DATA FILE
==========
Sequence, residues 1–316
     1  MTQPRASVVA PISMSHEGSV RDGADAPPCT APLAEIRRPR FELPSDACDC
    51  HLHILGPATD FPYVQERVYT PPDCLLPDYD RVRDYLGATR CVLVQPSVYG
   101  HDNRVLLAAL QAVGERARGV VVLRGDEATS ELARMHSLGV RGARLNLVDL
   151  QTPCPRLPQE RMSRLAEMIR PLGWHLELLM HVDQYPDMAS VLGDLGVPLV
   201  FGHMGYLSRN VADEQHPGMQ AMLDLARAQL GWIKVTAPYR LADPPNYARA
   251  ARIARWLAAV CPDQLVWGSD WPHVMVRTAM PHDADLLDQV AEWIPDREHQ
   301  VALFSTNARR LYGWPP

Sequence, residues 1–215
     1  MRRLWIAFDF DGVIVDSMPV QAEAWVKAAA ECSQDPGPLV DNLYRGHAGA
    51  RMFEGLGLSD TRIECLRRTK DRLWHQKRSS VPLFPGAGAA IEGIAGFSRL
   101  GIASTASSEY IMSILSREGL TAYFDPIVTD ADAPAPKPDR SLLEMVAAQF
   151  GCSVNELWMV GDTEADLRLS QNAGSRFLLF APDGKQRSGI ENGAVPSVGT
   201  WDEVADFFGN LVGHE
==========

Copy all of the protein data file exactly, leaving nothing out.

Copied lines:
Sequence, residues 1–316
     1  MTQPRASVVA PISMSHEGSV RDGADAPPCT APLAEIRRPR FELPSDACDC
    51  HLHILGPATD FPYVQERVYT PPDCLLPDYD RVRDYLGATR CVLVQPSVYG
   101  HDNRVLLAAL QAVGERARGV VVLRGDEATS ELARMHSLGV RGARLNLVDL
   151  QTPCPRLPQE RMSRLAEMIR PLGWHLELLM HVDQYPDMAS VLGDLGVPLV
   201  FGHMGYLSRN VADEQHPGMQ AMLDLARAQL GWIKVTAPYR LADPPNYARA
   251  ARIARWLAAV CPDQLVWGSD WPHVMVRTAM PHDADLLDQV AEWIPDREHQ
   301  VALFSTNARR LYGWPP

Sequence, residues 1–215
     1  MRRLWIAFDF DGVIVDSMPV QAEAWVKAAA ECSQDPGPLV DNLYRGHAGA
    51  RMFEGLGLSD TRIECLRRTK DRLWHQKRSS VPLFPGAGAA IEGIAGFSRL
   101  GIASTASSEY IMSILSREGL TAYFDPIVTD ADAPAPKPDR SLLEMVAAQF
   151  GCSVNELWMV GDTEADLRLS QNAGSRFLLF APDGKQRSGI ENGAVPSVGT
   201  WDEVADFFGN LVGHE